2. What is the Temple of Heaven made out of?

The Temple of Heaven was built using large stone slabs, marble that was quarried nearby, bricks, roof tiles, and wood.

3. Why was the Temple of Heaven built?

It was built as the venue for annual ceremonies of prayer for a good harvest by the emperors of the Ming and Qing dynasties.

4. When was the Temple of Heaven built?

Temple of Heaven

Originally called the Temple of Heaven and Earth, it was built from 1406 to 1420 during the reign of Emperor Yongle, who was also responsible for the construction of the Forbidden City. The temple was enlarged and renamed the Temple of Heaven during the reign of Emperor Jiajing in the sixteenth century. The Temple of Heaven was renovated in the eighteenth century under Emperor Qianlong.

During the Second Opium War (1856 - 1860), the Temple of Heaven was occupied by the Anglo-French alliance. In 1900, the tables turned, and the temple was occupied by the Eight Nation Alliance during the anti-Christian and anti-imperialist Boxer Rebellion. For a year, the complex acted as the force’s temporary command headquarters. After the downfall of the Qing Dynasty, the Temple of Heaven fell into disuse and neglect, leading to the collapse of several halls. These were later restored and in 1918, the temple complex was turned into a public park.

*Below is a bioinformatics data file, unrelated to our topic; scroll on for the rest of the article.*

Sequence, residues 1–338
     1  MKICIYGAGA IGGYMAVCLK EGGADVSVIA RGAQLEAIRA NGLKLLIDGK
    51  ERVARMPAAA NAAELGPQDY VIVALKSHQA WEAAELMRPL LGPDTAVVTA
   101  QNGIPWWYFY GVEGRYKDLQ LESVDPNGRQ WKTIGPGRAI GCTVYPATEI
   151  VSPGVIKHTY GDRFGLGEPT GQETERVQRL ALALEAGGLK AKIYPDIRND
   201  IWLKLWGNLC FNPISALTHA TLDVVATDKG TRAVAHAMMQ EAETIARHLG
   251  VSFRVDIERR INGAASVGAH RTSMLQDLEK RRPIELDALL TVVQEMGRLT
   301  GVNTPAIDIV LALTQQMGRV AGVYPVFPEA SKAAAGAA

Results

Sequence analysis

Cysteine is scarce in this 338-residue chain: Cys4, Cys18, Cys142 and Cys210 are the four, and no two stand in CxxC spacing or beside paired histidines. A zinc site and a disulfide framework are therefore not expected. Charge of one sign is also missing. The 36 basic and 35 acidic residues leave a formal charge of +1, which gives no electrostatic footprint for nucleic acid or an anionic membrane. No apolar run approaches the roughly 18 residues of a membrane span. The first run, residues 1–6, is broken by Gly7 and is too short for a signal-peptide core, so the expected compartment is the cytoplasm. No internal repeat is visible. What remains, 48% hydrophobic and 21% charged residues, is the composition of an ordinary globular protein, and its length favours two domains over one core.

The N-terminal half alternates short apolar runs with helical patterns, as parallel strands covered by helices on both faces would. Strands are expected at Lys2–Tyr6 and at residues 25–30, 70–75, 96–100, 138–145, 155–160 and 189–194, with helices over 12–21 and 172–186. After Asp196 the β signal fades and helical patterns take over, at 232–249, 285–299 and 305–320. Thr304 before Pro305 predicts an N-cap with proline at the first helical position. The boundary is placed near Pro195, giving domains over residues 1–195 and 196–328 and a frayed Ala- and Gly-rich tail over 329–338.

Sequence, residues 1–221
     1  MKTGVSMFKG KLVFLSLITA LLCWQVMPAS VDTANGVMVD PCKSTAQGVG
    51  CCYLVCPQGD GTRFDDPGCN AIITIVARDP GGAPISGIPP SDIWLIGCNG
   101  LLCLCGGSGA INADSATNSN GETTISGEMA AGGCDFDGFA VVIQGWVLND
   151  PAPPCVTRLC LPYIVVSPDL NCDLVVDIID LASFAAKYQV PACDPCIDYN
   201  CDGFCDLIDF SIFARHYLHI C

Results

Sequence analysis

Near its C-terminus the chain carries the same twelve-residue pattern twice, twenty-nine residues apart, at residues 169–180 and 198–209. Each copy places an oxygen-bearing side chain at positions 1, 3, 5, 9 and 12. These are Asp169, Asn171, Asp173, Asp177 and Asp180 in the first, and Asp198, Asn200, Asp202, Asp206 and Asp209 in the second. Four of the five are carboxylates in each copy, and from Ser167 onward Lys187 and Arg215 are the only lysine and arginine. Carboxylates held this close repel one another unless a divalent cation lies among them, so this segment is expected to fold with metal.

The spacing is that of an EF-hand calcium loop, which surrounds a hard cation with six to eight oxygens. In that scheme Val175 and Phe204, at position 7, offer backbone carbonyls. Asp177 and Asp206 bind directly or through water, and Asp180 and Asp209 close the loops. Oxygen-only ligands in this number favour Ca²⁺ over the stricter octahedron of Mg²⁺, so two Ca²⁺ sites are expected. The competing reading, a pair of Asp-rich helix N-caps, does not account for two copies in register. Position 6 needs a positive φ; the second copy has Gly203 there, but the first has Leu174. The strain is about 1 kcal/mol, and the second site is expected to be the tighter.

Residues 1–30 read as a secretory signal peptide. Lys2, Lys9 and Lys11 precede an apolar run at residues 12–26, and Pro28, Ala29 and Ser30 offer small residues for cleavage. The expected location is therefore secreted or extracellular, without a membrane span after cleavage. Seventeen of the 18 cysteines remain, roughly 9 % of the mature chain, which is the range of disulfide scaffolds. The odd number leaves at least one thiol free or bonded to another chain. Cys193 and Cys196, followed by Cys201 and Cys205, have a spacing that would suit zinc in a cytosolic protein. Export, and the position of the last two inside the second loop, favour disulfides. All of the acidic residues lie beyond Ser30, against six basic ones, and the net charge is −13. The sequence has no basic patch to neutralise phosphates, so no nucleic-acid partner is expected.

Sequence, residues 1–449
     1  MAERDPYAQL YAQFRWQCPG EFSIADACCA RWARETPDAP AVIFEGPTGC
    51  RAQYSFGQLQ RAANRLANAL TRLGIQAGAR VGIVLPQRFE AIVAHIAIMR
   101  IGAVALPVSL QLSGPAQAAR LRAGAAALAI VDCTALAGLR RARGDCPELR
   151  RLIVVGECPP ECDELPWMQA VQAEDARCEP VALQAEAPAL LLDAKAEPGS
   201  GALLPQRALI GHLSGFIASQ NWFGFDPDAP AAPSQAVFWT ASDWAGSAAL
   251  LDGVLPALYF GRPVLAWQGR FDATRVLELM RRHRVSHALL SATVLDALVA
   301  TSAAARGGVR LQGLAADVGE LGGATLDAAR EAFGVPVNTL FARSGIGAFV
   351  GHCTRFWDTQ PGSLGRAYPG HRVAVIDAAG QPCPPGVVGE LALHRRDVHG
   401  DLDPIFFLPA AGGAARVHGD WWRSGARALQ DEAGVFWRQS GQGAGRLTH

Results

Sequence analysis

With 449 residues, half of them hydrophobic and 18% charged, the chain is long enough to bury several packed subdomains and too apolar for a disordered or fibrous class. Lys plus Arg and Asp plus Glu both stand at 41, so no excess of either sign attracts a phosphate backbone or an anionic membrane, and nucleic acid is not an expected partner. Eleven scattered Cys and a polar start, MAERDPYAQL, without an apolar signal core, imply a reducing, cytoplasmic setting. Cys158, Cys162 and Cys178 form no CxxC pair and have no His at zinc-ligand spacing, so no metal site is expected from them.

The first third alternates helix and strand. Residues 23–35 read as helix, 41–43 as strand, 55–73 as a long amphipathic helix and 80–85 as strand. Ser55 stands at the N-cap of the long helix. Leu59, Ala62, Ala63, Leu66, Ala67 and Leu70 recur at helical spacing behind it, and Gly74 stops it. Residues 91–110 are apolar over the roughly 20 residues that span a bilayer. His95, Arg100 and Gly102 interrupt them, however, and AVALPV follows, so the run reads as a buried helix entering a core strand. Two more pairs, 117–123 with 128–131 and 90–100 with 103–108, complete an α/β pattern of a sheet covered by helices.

5. Why is the Temple of Heaven important?